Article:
Computer programmer Mary Coombs, 1929-2022 – Obituaries | Obituaries | News


She joined Lyon’s management trainee program in 1952 and was based at the statistical office. LEO was created by the British catering company, a pioneer in technology, to create an efficient back-office for its orders to tea rooms, hotels and restaurants. Mary Blood, as she was known then, was intelligent and gifted in mathematics.

When a memo advertising a “basic computer course” circulated around the office, she applied – the only woman among the 10 applicants.

Mary’s first job was creating test programs for LEO, which was unreliable and took up 5,000 square feet at Lyons’ headquarters in Hammersmith, west London.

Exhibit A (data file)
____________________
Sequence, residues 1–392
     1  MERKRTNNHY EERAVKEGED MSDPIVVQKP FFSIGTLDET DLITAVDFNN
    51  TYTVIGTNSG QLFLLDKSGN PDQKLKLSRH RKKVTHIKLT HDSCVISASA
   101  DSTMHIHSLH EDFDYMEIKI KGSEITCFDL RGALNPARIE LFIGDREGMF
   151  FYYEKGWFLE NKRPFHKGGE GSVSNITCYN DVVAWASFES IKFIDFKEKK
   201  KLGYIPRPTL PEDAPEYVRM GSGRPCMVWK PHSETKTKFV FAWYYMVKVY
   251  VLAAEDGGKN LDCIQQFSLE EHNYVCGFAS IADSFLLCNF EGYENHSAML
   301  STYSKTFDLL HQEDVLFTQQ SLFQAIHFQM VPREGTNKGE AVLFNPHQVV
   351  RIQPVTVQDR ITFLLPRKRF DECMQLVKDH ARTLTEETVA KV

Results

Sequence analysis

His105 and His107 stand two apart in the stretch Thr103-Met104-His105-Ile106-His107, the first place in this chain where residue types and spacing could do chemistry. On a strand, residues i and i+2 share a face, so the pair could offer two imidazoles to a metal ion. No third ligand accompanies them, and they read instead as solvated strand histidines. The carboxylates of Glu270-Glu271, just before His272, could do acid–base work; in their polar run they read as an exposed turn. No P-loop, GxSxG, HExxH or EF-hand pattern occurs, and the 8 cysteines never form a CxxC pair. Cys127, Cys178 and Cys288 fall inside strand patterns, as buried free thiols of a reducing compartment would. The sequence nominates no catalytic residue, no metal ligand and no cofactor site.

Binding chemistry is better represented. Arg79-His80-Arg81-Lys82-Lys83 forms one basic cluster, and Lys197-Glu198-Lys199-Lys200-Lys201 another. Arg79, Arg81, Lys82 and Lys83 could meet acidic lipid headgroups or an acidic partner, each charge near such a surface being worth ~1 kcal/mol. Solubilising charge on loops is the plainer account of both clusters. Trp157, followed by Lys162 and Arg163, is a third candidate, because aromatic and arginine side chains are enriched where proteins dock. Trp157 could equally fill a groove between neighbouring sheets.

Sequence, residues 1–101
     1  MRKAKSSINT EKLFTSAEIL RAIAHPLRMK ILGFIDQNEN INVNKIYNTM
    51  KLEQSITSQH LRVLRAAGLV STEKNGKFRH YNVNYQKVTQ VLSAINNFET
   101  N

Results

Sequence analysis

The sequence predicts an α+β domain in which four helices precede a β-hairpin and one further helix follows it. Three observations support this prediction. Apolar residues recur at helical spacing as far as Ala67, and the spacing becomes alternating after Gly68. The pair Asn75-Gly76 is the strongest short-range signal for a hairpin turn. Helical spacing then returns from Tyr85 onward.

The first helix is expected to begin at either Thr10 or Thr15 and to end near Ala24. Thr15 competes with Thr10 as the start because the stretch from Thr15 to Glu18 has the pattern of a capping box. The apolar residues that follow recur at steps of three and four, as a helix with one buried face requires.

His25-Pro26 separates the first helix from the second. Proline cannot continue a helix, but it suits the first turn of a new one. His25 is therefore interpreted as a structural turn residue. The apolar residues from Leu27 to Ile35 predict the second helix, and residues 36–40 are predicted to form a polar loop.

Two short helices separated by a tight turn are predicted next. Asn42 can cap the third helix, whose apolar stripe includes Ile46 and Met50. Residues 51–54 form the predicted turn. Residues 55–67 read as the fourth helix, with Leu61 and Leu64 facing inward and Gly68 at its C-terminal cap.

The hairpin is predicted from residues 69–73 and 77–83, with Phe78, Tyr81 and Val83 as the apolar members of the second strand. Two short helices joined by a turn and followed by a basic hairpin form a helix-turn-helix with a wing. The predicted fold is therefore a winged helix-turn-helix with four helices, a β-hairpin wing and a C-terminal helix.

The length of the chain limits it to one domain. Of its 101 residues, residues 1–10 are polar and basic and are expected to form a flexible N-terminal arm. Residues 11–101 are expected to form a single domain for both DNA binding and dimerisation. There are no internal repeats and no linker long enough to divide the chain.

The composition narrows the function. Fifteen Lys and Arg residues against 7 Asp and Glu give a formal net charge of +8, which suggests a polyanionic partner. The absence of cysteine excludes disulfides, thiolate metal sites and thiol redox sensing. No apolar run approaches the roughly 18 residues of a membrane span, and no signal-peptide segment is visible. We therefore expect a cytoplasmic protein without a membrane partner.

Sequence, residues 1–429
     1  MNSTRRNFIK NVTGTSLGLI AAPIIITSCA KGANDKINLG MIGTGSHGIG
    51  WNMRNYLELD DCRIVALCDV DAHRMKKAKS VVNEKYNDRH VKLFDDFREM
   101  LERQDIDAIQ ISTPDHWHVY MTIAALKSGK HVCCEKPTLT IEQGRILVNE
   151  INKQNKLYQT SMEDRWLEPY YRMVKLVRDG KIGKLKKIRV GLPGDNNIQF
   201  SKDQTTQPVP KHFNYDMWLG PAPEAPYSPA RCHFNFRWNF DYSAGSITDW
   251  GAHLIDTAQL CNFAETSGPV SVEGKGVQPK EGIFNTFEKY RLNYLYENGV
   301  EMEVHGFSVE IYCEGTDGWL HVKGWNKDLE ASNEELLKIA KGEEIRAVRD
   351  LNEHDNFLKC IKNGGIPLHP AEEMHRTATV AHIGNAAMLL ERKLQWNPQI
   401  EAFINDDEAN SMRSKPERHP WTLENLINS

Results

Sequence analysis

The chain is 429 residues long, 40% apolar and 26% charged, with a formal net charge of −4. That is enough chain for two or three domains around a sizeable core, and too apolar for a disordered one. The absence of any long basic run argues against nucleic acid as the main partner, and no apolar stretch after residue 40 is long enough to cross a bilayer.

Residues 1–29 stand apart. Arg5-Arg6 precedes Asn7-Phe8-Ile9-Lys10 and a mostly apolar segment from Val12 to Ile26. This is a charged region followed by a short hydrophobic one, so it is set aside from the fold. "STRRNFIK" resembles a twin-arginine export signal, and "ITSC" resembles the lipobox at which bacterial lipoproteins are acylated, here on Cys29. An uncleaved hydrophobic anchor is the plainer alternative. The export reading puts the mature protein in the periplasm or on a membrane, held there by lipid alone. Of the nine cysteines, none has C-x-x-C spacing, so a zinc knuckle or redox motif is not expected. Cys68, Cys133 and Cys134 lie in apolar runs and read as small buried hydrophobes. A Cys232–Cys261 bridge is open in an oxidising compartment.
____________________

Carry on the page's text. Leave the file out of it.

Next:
She then worked on automated payslips for 10,000 payroll employees. It was slow and laborious work. “A modern computer has a huge reserve of countless gigabytes. LEO 1 was 2k,” she explained.

Coombs replicated his duties for the Ford Motor Company. She also worked on early payroll programs for the British Army, Met Office and Inland Revenue.

Mary Clare Coombs was born in Muswell Hill, North London, the daughter of Doctor William – a Lyon society doctor – and his wife Ruth (née Petri).

She attended Putney High School and St Paul’s Girls’ School and studied French with History at Queen Mary University in London.

She married fellow LEO programmer John Coombs in 1955. They had a daughter, Anne, who died aged six, and later adopted three children, Andrew, Paul and Gillian.

Coombs left LEO in 1969 and became an elementary school teacher. She is survived by her three children.

Mary Coombs born February 4, 1929 died February 28, 2022


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